Seven people have been killed and more than 70 wounded after fighting in northern Lebanon between two Muslim communities divided over Syria.
Street battles between Sunnis and Alawites in the city of Tripoli continued for a second night running.
Old rivalry between the two groups has been fuelled by conflicting loyalties in the conflict across the border.
Syrian President Bashar al-Assad, an Alawite, is battling largely Sunni opposition fighters.
Lebanese Prime Minister Najib Mikati, himself a Sunni, appealed to both sides to end the "absurd battle" rocking Tripoli, a city of nearly 200,000 people and the country's second-largest.
"We have repeatedly warned against being drawn into this blaze that has spread around Lebanon," he said, speaking of the violence in Syria.
He urged Tripoli residents "not to allow anyone to transform you into ammunition for someone else's war".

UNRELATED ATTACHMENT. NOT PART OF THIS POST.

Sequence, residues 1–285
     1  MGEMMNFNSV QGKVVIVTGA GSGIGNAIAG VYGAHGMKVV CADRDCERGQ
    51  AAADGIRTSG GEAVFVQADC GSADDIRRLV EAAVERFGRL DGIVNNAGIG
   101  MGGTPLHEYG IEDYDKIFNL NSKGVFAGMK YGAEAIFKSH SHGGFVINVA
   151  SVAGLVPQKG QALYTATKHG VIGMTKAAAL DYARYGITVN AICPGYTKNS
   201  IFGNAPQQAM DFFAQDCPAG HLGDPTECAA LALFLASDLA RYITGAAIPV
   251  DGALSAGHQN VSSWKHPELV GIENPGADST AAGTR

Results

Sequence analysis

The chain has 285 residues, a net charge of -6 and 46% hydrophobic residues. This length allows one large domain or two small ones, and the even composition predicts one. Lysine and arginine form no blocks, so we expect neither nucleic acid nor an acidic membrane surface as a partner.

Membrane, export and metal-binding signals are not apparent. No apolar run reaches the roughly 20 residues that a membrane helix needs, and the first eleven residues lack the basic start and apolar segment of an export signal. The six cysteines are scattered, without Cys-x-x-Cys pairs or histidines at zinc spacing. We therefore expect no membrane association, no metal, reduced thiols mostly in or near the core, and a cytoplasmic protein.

Gunmen in the Sunni district of Bab al-Tabbana and Alawites in Jabal Muhsin exchanged gun and grenade fire overnight, residents were quoted as saying by Reuters news agency.
Two men killed were identified as residents of Jabal Muhsin, which overlooks a predominantly Sunni area where five people died, medical sources told the agency.
Tripoli is one of Lebanon's most volatile sectarian faultlines, with a small Alawite community living in the midst of a Sunni majority, the BBC's Barbara Plett reports from the capital, Beirut.
Violence flared several times recently but locals say the last two days of clashes have been particularly intense, our correspondent says.
One witness said heavier weapons were being used, and over a larger area than normal.
Government policy has been to try to disassociate the country from the Syrian crisis, amid concern that it might re-ignite the divisions that fuelled Lebanon's own 15-year civil war, our correspondent adds.
But the more sectarian the violence becomes in Syria, the harder it is to prevent it from seeping across the border, she says.